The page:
• Table 2. Table of predicted ADME properties for some selected compounds, showing values for BBB penetration, P-gp association, human intestinal absorption, plasma protein binding and CYP 450 enzymes associations as a measure of hepatic metabolism

It is important to note that the allosteric site is extremely malleable and physically changes shape in response to ligands 61 and the authors, Coleman et al., 2016 61 are of the opinion that this plasticity could be exploited in future drug design work. If indeed these compounds have the predicted strong polar interaction with ARG104 within the lining of the allosteric site, it may contribute to its mechanism of inhibition of the SERT. It will, therefore, be interesting to know whether the plasticity of this site contributes to the affinity of these compounds for the allosteric site in a future study and whether the strong binding of the compounds (by virtue of their high binding energies and interaction with ARG104) and tendency to occlude the site will prevent serotonin reuptake and by extension cause the desired antidepressant effect.

  • Figure 8. (a) Compound 14b (pink) bound to SERT upon molecular docking having most of it in the allosteric site, superimposed with escitalopram (green) in the allosteric site and a bit of it extending into the central site through the extracellular gate. (b) Binding pose of compound 14b rendered as spheres depicting the complete blockade of the central site by virtue of its occupation of the allosteric site and extracellular gate

5. Conclusion

This study has investigated a class of virtual compounds as possible SERT inhibitors and antidepressants using computational techniques. A set of 66 compounds have been screened using binding energy, drug-likeness assessment and ADME prediction to prune down to 11 compounds having high inhibitory potential for the SERT and favourable CNS pharmacokinetic profile in terms of ability to cross the lipophilic blood brain barrier and P-gp inhibition in order to facilitate high concentration in the brain. These 11 compounds have therefore been proposed for synthesis, characterization, in-vitro and in-vivo antidepressant study using animal models.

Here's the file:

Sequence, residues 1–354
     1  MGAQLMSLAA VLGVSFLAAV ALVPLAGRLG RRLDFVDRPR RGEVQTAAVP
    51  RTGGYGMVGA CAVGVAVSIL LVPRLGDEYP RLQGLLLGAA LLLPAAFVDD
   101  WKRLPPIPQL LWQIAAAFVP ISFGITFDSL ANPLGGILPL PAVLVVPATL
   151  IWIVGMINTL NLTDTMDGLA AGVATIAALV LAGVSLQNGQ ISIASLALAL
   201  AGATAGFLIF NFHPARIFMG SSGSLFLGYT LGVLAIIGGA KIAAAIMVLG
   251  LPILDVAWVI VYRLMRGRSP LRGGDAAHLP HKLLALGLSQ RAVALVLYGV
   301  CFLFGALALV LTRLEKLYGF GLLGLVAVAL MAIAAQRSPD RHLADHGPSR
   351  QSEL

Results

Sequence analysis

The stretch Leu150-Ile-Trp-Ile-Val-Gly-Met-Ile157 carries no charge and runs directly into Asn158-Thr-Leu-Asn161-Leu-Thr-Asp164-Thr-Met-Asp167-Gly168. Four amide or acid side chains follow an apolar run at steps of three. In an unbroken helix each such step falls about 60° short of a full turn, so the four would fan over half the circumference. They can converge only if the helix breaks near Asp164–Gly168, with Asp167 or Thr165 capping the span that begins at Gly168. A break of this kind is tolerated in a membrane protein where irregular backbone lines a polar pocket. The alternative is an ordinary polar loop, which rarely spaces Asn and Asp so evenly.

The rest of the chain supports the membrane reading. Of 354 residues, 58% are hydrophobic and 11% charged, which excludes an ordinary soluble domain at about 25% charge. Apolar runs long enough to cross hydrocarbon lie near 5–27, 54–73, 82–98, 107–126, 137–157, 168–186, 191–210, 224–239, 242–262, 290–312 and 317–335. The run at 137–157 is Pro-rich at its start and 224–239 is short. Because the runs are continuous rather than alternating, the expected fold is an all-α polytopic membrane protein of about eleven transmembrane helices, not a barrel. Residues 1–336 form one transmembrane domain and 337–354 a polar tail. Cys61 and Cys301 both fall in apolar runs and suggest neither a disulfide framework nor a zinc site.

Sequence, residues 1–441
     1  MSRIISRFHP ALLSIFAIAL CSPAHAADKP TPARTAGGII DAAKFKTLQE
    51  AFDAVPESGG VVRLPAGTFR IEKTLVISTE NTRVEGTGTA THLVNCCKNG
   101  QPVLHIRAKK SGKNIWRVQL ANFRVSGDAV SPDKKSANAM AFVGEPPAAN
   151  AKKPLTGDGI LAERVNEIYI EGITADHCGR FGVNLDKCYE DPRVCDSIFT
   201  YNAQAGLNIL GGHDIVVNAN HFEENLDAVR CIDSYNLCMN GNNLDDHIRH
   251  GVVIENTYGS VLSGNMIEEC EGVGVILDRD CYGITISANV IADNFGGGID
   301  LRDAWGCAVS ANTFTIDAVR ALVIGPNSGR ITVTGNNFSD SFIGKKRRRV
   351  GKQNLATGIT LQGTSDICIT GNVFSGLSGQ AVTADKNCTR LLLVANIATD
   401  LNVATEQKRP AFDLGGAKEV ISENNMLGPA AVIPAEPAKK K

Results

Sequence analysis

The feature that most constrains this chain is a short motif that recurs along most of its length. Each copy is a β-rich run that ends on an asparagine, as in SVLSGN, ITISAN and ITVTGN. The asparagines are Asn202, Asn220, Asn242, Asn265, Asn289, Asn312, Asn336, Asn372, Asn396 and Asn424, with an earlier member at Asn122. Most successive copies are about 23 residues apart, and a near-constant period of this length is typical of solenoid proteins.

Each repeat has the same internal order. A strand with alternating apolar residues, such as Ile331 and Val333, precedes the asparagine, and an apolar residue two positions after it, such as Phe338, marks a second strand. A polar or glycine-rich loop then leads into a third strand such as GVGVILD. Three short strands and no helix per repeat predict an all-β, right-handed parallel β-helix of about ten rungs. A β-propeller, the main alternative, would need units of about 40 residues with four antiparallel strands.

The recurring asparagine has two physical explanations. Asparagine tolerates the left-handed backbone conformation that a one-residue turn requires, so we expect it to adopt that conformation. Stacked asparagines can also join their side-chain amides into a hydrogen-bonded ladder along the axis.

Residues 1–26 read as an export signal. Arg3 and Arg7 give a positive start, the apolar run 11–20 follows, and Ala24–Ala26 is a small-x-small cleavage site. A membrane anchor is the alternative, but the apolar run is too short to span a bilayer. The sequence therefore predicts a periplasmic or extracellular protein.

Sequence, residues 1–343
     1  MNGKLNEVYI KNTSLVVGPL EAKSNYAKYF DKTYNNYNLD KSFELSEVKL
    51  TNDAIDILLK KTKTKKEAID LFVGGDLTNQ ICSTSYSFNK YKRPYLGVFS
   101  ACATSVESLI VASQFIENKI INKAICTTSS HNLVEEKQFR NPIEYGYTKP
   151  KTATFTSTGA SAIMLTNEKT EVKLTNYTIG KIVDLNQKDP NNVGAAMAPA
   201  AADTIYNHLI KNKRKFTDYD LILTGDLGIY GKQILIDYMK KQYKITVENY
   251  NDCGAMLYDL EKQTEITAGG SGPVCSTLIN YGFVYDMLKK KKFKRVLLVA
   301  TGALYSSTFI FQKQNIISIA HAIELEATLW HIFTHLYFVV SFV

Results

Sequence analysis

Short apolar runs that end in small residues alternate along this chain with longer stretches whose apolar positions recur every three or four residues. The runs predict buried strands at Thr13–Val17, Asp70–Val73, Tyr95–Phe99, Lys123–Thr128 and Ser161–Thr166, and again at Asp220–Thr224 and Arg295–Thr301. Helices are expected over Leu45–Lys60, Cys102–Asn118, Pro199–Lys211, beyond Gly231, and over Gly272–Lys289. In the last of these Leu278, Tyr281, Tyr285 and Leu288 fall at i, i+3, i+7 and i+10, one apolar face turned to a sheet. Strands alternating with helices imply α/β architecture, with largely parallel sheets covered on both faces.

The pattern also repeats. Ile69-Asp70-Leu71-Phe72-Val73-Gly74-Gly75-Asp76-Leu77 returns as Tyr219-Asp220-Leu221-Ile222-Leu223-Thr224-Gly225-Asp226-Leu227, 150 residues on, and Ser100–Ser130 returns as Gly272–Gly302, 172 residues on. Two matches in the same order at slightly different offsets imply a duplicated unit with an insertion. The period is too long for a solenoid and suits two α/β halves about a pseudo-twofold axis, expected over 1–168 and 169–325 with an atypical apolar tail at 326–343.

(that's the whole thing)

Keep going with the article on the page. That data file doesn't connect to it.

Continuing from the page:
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In article      
 

Published with license by Science and Education Publishing, Copyright © 2018 Oyesakin Y.M., George D.E., Fadare R.Y., Idris A.Y. and Fadare O.A.

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Oyesakin Y.M., George D.E., Fadare R.Y., Idris A.Y., Fadare O.A.. Molecular Docking and In-Silico ADME Prediction of Substituted (E)-4-Styryl-7,8-dihydroquinazolin-5(6H)-ones and 5-((E)-Styryl)pyrimidine[4,5-d]pyrimidine-2,4(1H,3H)-diones as Potential SERT Inhibitors and Antidepressants. American Journal of Pharmacological Sciences. Vol. 6, No. 1, 2018, pp 25-32. http://pubs.sciepub.com/ajps/6/1/5
MLA Style
Y.M., Oyesakin, et al. "Molecular Docking and In-Silico ADME Prediction of Substituted (E)-4-Styryl-7,8-dihydroquinazolin-5(6H)-ones and 5-((E)-Styryl)pyrimidine[4,5-d]pyrimidine-2,4(1H,3H)-diones as Potential SERT Inhibitors and Antidepressants." American Journal of Pharmacological Sciences 6.1 (2018): 25-32.
APA Style
Y.M., O. , D.E., G. , R.Y., F. , A.Y., I. , & O.A., F. (2018). Molecular Docking and In-Silico ADME Prediction of Substituted (E)-4-Styryl-7,8-dihydroquinazolin-5(6H)-ones and 5-((E)-Styryl)pyrimidine[4,5-d]pyrimidine-2,4(1H,3H)-diones as Potential SERT Inhibitors and Antidepressants. American Journal of Pharmacological Sciences, 6(1), 25-32.
Chicago Style
Y.M., Oyesakin, George D.E., Fadare R.Y., Idris A.Y., and Fadare O.A.. "Molecular Docking and In-Silico ADME Prediction of Substituted (E)-4-Styryl-7,8-dihydroquinazolin-5(6H)-ones and 5-((E)-Styryl)pyrimidine[4,5-d]pyrimidine-2,4(1H,3H)-diones as Potential SERT Inhibitors and Antidepressants." American Journal of Pharmacological Sciences 6, no. 1 (2018): 25-32.
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  • Figure 4. The general structures of the three classes of compounds used to generate the virtual library of 66 compounds (22 for each set, a, b & d). The “b” set was derived by replacing 1,3-cyclohexanedione with dimedone in the synthetic scheme while the “c” set was derived by replacing 1,3-cyclohexanedione with barbituric acid
  • Figure 6: A bar chart showing the binding energy of the compounds that have the highest tendency to inhibit SERT, having binding energy ≥ 10.0 kcal/mol and comparing with their BBB penetration
  • Figure 7. Escitaloprams lodged in the central and allosteric site of the SERT. The green coloured escitalopram is in the allosteric site while the red coloured escitalopram is embedded in the central site and both citaloprams are separated by the extracellular gate
  • Figure 8. (a) Compound 14b (pink) bound to SERT upon molecular docking having most of it in the allosteric site, superimposed with escitalopram (green) in the allosteric site and a bit of it extending into the central site through the extracellular gate. (b) Binding pose of compound 14b rendered as spheres depicting the complete blockade of the central site by virtue of its occupation of the allosteric site and extracellular gate
  • Table 2. Table of predicted ADME properties for some selected compounds, showing values for BBB penetration, P-gp association, human intestinal absorption, plasma protein binding and CYP 450 enzymes associations as a measure of hepatic metabolism
  • Table 3. Table showing the residues within 4Å of the docked compounds with colour coded residues showing the orientation of the compounds within the protein
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In article      
 
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In article